Stepparents and Teenagers: Learning To Make it Work
Getting a stepparent, especially during the teenage years, can be difficult. But when handled well, a stepparent can become an important (even cherished) part of a teenager’s life. Our psychologist-teen blogging duo—Dr. Wes Crenshaw and Kyra Haas—take on the topic in this edition of their blog, Our Two Sense.
Some folks still like to pin all manner of societal ills on divorce and “broken families.” In reality, most childhood struggles in these homes don’t come from the divorce itself, but from HOW parents separate and conduct themselves in the years thereafter.
Advice On Being A Stepparent
It’s the ultimate statement of “duh” to proclaim that a good divorce is better than a bad one. And a good divorce is healthier for children than an overtly bad marriage. And when stepparents enter the picture, things can get better or much worse. So here are my top four rules parents can use for making a blended family go better:
1) Don’t expect a child to like a stepparent who was previously your lover, while you were married to that child’s other parent.
This will be hard to hear for some readers, because affairs are quite common and for reasons that defy logic, some end in remarriage. If you want to do one thing to improve your post-divorce relationship with your kids, delay dating until after the divorce is final. If you can’t bring yourself to do that, take a consistently forgiving position when your children reject your partner.
2) With rare exception, a stepparent should be the adult friend of the child and nothing more.
Promoting stepparents or imbuing them with the powers of discipline usually ends in resentment and conflict all around. While stepparents should not work against a biological parent, neither should they set the tone for the child’s life in the home. That’s an important step in being a good step parent.
3) Be humble.
Stepparents are entering an established family as strangers. While they should not take a submissive role, neither should they fight for position or force their personal culture on the family. This is harder to avoid than it sounds, but stepparents who are confidently quiet, gain respect. Which leads us to…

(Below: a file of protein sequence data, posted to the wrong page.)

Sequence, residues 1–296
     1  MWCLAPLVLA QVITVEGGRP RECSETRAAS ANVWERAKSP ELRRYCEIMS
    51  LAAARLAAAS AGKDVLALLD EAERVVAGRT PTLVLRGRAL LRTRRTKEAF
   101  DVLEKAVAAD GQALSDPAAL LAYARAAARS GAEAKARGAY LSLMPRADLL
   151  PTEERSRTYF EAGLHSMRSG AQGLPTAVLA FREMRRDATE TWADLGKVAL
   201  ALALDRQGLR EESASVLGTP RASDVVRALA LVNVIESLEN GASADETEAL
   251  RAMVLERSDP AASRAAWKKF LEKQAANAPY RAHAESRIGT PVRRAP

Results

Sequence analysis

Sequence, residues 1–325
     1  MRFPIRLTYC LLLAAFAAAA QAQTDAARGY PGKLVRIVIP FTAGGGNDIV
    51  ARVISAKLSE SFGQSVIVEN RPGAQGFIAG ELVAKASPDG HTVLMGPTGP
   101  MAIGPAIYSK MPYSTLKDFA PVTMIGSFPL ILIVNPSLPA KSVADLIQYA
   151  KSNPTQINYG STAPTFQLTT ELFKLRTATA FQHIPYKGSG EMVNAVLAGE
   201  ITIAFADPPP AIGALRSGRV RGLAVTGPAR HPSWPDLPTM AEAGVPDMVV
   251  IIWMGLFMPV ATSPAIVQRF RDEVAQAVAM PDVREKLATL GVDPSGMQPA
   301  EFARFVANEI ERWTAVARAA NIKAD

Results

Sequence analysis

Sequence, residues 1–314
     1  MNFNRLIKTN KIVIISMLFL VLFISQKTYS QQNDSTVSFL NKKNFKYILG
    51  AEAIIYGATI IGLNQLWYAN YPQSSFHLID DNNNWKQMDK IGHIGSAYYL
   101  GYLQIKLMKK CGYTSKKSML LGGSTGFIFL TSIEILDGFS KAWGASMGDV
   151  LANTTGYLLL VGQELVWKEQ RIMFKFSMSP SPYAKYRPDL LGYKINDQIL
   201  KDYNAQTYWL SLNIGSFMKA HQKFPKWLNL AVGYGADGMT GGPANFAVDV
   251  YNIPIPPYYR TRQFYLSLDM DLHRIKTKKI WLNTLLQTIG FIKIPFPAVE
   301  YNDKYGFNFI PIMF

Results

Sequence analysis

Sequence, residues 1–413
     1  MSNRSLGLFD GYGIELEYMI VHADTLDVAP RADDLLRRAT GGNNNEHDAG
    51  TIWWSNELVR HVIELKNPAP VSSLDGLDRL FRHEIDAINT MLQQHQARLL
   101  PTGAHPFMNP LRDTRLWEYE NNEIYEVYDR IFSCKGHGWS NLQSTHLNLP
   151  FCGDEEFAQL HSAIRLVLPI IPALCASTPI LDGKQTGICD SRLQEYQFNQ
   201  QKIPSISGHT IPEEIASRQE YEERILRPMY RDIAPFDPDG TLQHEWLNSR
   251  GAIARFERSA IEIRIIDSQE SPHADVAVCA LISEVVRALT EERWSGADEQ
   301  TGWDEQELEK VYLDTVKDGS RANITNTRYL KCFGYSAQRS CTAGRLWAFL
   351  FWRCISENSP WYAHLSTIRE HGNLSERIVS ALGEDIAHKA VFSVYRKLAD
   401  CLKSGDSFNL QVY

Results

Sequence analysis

4. Be patient.
Nobody ever gets to walk into any new culture, especially one this sensitive, and command respect. In fact, nobody gets to command respect from anyone. Respect is earned and that takes time. Step parenting is a long game, not a sprint.
Advice on Being A Stepchild
According to smartstepfamilies.com, 40 percent of children live with a stepparent, stepsibling or half sibling. While I don’t fall into this category, both my parents have stepparents, as do several of my friends. I borrowed some of their experiences in formulating the following suggestions to help teens navigate blended family life:
1) Maintain open, respectful communication.
You don’t have to like your stepparent. You may even hate her, but regardless of the circumstances in which she came into your life, as a human being she deserves at least the respect you would extend a stranger. You have to live and put up with her until you move out and any conflict can be minimized with civil, open interaction.
2) Don’t triangulate.
Competing with a stepparent for a biological parent’s attention can be tempting, but avoid making the situation a contest because no one will win. If you feel your biological parent ignores you in favor of his spouse, tell him you want to spend more time with him, but avoid pulling the stepparent into the conversation. Be honest and open, and don’t be too discouraged if he doesn’t respond in the way you’d hoped. Your parent is just a person, too, and while he may express his feelings differently, he’s trying to figure things out just as you are.
3) Stay positive.
Your parents’ decisions affect you, but they do not define you. Don’t let a strained relationship with a stepparent pull you down in other areas of your life, such as academic, athletic, artistic or other achievement. Letting your grades slip or your extracurricular interests wane will, in the long run, only hurt yourself.
Wes Crenshaw, Ph.D., ABPP, is author of several books, most recently I Always Want to Be Where I’m Not: Successful Living with ADD & ADHD. Learn about his other writing, media, and practice at dr-wes.com. Kyra Haas is a Free State High School senior and Editor in Chief of the Free State Free Press.